ESG due diligence around the globe

 Click on the country or region below for the unique point of view in each market. 

ESG due diligence in Australia

In Australia, decarbonization, climate risk – both physical and transition – dominate the ESG conversation. With no required ESG regulations in place just yet, companies keenly aware of the financial implications of ESG are voluntarily reporting on their ESG practices and disclosing standards.

Investors, too, are increasingly aware of the importance of identifying climate risks and mitigating climate exposures. Modern slavery, human rights and labor practices are also growing focus areas as dealmakers look to better assess potential reputational risks associated with non-compliance.

Yet, it is the opportunities for value creation that has captured the imagination of mature dealmakers. Reinforced by intensifying progressive sentiments, dealmakers are assessing potential targets with a lens on how well they can navigate the transition to a low-carbon economy.

Those with such potential, can innovate using Australia’s natural advantages, its abundant sunshine, for example, to enhance competitiveness in the renewable energy sector, and access new revenue streams and markets. Products with strong ESG credentials can also command premium prices.

Seeking value, not values

The appetite for ESG due diligence is rising, yet the breadth and complexity of the topics within the ESG umbrella is challenging. Unlike financial due diligence, which has a well-defined scope, ESG due diligence encompasses a wide range of issues that can make it difficult for investors to know which issues to prioritize and manage. Adding to this is the lack of prescriptive regulations, like those in the EU, that are making it tough for businesses to navigate socially sensitive situations.

Dealmakers also struggle with the practical aspects of integrating ESG considerations into their dealmaking. This includes defining and measuring the financial impact of ESG performance. As finding the right advisors who can offer a holistic approach that encompasses environmental, social and governance factors with sector knowledge and an investor acumen.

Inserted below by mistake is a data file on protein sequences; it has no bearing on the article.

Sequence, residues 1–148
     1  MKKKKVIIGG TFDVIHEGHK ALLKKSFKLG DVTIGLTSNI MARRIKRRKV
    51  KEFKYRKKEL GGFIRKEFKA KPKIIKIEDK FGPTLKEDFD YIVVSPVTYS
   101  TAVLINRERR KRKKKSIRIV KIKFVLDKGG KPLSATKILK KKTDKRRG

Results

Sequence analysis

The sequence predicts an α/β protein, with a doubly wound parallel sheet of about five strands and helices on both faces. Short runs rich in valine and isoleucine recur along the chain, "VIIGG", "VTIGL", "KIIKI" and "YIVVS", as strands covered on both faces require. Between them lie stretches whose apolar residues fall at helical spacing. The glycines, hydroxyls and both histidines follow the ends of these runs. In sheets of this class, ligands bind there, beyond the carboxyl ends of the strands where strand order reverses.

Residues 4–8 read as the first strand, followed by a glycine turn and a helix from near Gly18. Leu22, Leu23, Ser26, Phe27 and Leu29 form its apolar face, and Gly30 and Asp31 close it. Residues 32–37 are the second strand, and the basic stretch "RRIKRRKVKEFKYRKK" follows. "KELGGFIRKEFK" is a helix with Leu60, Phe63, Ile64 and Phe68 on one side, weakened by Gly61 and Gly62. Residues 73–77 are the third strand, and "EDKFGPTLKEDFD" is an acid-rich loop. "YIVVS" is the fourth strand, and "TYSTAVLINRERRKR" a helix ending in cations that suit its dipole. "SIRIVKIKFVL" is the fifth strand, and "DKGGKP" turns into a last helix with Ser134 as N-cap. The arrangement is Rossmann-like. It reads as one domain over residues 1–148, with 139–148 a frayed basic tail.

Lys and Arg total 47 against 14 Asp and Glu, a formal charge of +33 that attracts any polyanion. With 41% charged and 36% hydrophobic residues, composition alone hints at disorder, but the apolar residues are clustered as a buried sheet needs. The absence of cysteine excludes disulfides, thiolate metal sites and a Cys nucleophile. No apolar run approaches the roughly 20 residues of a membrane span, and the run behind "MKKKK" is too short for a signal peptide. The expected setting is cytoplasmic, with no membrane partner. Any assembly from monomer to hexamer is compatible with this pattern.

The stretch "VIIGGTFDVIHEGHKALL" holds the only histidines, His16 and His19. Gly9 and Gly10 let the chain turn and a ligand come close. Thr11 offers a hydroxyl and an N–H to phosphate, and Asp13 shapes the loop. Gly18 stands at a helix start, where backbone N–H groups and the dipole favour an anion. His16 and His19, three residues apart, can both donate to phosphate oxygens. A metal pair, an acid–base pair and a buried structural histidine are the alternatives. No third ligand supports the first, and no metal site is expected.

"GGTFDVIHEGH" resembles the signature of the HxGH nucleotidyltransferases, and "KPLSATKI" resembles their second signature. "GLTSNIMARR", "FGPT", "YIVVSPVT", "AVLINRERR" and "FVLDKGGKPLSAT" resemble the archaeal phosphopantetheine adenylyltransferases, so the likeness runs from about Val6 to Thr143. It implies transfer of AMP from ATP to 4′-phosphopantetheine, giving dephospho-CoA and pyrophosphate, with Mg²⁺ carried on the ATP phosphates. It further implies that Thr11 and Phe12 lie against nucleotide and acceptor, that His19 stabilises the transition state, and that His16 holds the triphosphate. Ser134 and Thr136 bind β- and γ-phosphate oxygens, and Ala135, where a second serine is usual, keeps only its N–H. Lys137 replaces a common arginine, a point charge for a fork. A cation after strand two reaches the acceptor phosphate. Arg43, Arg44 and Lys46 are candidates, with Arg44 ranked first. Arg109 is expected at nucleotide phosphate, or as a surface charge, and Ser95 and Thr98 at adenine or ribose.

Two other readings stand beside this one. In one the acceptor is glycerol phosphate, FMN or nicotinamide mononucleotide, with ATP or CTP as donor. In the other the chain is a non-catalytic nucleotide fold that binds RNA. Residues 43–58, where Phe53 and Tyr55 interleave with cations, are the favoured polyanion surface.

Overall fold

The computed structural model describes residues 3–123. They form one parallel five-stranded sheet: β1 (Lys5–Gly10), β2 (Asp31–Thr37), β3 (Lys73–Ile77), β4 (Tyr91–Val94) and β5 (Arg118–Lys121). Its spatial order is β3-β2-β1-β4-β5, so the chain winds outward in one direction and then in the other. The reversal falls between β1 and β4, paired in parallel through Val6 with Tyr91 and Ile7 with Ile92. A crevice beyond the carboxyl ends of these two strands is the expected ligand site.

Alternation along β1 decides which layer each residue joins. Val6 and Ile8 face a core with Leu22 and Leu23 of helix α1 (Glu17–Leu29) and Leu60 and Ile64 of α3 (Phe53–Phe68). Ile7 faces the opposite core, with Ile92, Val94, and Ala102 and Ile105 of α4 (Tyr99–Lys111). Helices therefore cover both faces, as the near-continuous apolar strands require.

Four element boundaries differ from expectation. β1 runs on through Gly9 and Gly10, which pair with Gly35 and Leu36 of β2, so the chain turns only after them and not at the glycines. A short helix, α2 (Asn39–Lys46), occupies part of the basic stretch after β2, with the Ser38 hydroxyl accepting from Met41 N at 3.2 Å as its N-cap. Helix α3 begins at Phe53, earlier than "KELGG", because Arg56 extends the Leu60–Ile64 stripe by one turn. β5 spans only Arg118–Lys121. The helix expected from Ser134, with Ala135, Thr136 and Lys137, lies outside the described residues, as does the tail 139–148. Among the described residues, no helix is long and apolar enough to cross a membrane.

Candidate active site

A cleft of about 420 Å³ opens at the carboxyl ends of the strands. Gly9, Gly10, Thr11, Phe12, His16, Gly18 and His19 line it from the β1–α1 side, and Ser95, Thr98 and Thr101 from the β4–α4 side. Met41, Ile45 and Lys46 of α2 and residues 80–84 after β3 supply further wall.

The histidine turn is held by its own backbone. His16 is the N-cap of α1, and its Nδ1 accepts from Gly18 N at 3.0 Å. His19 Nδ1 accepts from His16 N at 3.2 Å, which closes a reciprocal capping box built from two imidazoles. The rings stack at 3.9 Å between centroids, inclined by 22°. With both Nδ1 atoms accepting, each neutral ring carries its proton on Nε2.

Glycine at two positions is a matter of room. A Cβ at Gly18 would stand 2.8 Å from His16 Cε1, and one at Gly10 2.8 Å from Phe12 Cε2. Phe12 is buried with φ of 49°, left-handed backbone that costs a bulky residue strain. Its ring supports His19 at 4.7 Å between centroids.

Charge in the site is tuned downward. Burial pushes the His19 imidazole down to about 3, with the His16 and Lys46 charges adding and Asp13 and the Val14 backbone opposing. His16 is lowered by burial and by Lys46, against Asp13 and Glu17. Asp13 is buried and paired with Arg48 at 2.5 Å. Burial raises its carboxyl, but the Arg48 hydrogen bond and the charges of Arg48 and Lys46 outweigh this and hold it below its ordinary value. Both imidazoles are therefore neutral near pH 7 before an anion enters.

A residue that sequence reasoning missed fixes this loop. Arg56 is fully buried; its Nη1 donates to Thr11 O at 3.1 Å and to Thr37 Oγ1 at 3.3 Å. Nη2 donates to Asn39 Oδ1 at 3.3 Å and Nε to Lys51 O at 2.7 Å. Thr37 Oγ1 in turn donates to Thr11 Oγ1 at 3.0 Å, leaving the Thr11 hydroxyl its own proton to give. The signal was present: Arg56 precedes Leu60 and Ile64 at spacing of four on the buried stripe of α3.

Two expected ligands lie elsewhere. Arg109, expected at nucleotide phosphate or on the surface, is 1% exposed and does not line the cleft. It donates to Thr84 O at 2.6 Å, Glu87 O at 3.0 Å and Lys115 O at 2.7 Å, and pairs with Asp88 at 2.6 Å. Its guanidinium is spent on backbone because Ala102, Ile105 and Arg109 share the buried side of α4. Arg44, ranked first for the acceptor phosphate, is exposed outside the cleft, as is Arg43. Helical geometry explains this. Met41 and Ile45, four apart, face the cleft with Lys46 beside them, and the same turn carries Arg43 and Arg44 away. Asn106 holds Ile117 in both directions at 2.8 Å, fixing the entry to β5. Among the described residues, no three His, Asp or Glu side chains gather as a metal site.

KPMG professionals help clients focus on value, not values. Driven by the financial value that ESG due diligence can bring to an investment, teams bring their extensive experience and global methodologies to quickly and efficiently define a scope of work that targets value creation, which is translated into financial language.

As the country prepares to implement new ESG-related reporting frameworks, starting with climate disclosures in 2025, ESG due diligence awareness and adoption is expected to grow across all market segments.

Visit our website if you want to know more about ESG due diligence in Australia

ESG due diligence in Canada

Canada continues to strengthen its understanding and implementation of corporate ESG risk mitigation . In the early days of the responsible investing movement, the country’s larger public pension funds were among the first to recognize the impact ESG could have on enhancing revenue, reducing costs and mitigating risks. Many of Canada’s banks , corporations and investors quickly followed suit, voluntarily aligning with international sustainability standards like the Principles for Responsible Investment (PRI) and the Task Force on Climate-Related Financial Disclosures (TCFD).

As mandatory measures begin to emerge, including reporting on climate risk management for banks, the fight against forced and child labor in supply chains across all sectors, and federal and provincial carbon pricing mechanisms, the country will see even more transparency across ESG considerations. This proactive approach is leading many investors and businesses to view ESG due diligence as an effective tool for identifying opportunities for value creation rather than solely as a way to mitigate risks.

Opportunities abound in ESG

The energy transition, for example, offers ample investment opportunities in renewable energy, electric vehicles and battery storage. Government incentives at various levels further support these initiatives, offering financial benefits for energy efficiency and retraining programs. On the risk side, the country’s exposure to wildfires and extreme heat events call for robust climate risk management strategies, especially for the transportation and logistics , mining and industrial manufacturing sectors.

Despite this support for ESG due diligence, investors are challenged by the limited access to reliable data, especially when targets may not provide comprehensive information. Canada’s diverse investment portfolio spans various global markets, making it difficult to maintain consistent and comparable ESG information. In particular, smaller investors struggle with limited resources and expertise compared to larger funds.